Scientists have developed a theory that can explain how flying insects determine the gravity direction without using accelerometers. It also forms a substantial step in the creation of tiny, autonomous drones.
Scientists have discovered the novel manner in which flying insects estimate the direction of gravity. Whereas drones typically use accelerometers to this end, the way in which flying insects do this has until now been shrouded in mystery, since they lack a specific sense for acceleration. In an article published in Nature, scientists from TU Delft, the Netherlands, and Aix Marseille Université / CNRS, France, have shown that drones can estimate the gravity direction by combining visual motion sensing with a model of how they move. The study is a good example of the synergy between technology and biology.
On the one hand, the new approach is an important step for the creation of autonomous tiny, insect-sized drones, since it requires fewer sensors. On the other hand, it forms a hypothesis for how insects control their attitude, as the theory forms a parsimonious explanation of multiple phenomena observed in biology.
Successful flight requires knowing the direction of gravity. As ground-bound animals, we humans typically have no trouble determining which way is down. However, this becomes more difficult when flying. Indeed, the passengers in an airplane are normally not aware of the plane being slightly tilted sideways in the air to make a wide circle. When humans started to take the skies, pilots relied purely on visually detecting the horizon line for determining the plane’s “attitude”, that is, its body orientation with respect to gravity. However, when flying through clouds the horizon line is no longer visible, which can lead to an increasingly wrong impression of what is up and down — with potentially disastrous consequences.
Also, drones and flying insects need to control their attitude. Drones typically use accelerometers for determining the gravity direction. However, in flying insects no sensing organ for measuring accelerations has been found. Hence, for insects it is currently still a mystery how they estimate attitude, and some even question whether they estimate attitude at all.
Although it is unknown how flying insects estimate and control their attitude, it is very well known that they visually observe motion by means of “optic flow”. Optic flow captures the relative motion between an observer and its environment. For example, when sitting in a train, trees close by seem to move very fast (have a large optic flow), while mountains in the distance seem to move very slowly (have a small optic flow).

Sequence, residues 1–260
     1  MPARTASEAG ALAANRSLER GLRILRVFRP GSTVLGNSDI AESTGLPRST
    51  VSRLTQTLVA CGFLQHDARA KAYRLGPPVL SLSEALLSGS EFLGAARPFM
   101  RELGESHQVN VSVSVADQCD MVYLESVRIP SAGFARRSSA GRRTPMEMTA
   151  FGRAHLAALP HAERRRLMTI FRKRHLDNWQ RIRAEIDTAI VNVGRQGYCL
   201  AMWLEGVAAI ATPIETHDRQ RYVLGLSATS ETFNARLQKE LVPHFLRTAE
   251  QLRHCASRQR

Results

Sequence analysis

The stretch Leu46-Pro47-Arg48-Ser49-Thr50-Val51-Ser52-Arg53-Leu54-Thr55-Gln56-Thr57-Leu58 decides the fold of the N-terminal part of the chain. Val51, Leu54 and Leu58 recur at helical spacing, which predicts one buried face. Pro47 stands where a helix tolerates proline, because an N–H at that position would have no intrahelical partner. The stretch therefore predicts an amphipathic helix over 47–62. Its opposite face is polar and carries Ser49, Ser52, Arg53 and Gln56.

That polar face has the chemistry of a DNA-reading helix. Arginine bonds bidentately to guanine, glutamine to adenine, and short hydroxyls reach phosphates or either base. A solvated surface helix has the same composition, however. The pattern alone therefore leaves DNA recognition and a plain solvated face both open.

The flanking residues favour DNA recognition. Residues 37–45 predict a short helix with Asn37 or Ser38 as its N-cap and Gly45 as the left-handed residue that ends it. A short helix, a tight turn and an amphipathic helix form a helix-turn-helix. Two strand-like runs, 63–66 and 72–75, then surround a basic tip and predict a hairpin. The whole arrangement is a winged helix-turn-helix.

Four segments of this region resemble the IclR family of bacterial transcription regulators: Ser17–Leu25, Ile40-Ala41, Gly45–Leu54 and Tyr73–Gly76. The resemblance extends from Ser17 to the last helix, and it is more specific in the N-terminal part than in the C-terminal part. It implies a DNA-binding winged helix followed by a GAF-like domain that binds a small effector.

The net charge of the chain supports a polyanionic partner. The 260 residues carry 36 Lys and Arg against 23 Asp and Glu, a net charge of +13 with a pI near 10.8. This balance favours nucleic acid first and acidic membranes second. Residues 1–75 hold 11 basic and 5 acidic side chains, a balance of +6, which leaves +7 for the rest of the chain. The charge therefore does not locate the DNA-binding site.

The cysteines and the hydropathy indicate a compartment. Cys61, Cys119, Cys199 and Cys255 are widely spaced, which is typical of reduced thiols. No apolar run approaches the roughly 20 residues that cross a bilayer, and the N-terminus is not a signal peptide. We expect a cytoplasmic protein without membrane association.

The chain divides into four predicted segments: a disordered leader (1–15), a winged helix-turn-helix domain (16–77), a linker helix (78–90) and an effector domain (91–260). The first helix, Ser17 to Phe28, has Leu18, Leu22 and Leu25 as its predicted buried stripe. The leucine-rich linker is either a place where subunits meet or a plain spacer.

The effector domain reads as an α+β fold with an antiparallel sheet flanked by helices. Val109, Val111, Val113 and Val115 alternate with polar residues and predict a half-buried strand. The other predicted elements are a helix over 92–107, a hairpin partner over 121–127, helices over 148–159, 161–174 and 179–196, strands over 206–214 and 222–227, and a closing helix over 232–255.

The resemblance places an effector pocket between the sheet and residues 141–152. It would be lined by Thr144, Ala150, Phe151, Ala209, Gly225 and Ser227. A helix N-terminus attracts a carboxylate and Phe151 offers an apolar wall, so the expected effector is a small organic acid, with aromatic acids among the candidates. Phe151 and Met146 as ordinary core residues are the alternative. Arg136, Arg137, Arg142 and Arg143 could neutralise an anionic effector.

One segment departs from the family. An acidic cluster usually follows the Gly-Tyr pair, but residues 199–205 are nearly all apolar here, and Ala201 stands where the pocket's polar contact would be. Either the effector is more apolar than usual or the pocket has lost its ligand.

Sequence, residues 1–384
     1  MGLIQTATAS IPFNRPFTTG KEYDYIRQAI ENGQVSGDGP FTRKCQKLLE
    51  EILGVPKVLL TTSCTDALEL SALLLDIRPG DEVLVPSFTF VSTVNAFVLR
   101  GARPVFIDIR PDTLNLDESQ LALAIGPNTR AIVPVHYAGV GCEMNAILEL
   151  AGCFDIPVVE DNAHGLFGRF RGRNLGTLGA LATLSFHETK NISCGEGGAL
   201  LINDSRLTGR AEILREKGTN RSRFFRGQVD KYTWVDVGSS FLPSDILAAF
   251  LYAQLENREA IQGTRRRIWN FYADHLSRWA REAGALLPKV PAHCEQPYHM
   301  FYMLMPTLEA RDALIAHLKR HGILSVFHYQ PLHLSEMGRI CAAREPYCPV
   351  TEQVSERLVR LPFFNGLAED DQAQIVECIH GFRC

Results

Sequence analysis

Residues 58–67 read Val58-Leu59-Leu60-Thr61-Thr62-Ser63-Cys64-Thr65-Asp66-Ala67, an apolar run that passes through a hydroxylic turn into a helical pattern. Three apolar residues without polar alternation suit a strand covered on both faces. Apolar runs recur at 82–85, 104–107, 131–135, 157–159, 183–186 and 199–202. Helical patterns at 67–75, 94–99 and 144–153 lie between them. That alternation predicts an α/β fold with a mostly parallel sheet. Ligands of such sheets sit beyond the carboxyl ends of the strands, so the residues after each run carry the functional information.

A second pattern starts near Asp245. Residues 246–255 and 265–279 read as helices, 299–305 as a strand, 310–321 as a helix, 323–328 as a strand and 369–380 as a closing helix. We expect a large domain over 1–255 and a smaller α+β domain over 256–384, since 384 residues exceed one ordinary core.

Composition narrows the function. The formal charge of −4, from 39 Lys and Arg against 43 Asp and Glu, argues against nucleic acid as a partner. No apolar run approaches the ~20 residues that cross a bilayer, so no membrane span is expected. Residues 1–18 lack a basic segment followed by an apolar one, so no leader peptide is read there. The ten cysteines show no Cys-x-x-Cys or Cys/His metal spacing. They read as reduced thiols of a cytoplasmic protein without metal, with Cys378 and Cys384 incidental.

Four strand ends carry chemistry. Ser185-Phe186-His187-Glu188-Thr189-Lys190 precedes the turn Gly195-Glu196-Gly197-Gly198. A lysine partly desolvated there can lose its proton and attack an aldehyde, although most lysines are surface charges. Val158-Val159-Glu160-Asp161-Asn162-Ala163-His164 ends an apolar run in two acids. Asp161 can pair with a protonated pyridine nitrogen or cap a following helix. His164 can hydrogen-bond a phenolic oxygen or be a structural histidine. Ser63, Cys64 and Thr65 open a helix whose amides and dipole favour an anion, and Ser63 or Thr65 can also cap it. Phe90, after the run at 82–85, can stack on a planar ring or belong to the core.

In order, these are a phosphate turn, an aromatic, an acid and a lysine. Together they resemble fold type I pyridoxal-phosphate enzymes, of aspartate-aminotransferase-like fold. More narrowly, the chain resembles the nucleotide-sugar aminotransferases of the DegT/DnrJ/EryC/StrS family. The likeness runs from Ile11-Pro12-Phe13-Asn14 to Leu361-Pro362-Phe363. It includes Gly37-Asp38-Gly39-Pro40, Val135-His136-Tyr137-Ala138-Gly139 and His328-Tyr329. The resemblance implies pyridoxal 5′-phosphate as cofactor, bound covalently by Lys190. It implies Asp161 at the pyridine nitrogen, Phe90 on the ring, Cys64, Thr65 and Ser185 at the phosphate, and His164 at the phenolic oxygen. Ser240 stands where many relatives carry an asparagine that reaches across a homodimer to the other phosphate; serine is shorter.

“Optic flow itself carries no information on attitude. However, we found out that combining optic flow with a motion model allows one to retrieve the gravity direction.”, says Guido de Croon, Professor of Bio-Inspired Micro Air Vehicles, “Having a motion model means that a robot or animal can predict how it will move when taking actions. For example, drones can predict what will happen when they spin their two right propellers faster than their left propellers. Since a drone’s attitude determines in which direction it accelerates, and this direction can be picked up by changes in optic flow, the combination allows a drone to determine its attitude.”
The theoretical analysis in the article shows that finding the gravity direction with optic flow works under almost any condition, except for specific cases, such as when the observer is completely still. “Whereas engineers would find such an observability problem unacceptable, we hypothesize that nature has simply accepted it,” said de Croon. “In the article we provide a theoretical proof that despite this problem, an attitude controller will still work around hover at the cost of slight oscillations — reminiscent of the more erratic flight behavior of flying insects.”
The researchers confirmed the theory’s validity with robotic implementations, demonstrating its promise for the field of robotics. De Croon: “Tiny flapping wing drones can be useful for tasks like search-and-rescue or pollination. Designing such drones means dealing with a major challenge that nature also had to face: how to achieve a fully autonomous system subject to extreme payload restrictions. This makes even tiny accelerometers a considerable burden. Our proposed theory will contribute to the design of tiny drones by allowing for a smaller sensor suite.”
The proposed theory also has the potential to give insight into various biological phenomena. “It was known that optic flow played a role in attitude control, but until now the precise mechanism for this was unclear,” according to Franck Ruffier, bio-roboticist and director of research at Aixe Marseille Université / CNRS. “The proposed theory can explain how flying insects succeed in estimating and controlling their attitude even in difficult, cluttered environments where the horizon line is not visible. It also provides insight into other phenomena, for example, why locusts fly less well when their ocelli (eyes on the top of their heads) are occluded.”
“We expect that novel biological experiments, specifically designed for testing our theory will be necessary for verifying the use of the proposed mechanism in insects”, said Ruffier. The article shows how the synergy between robotics and biology can lead to technological advances and novel avenues for biological research.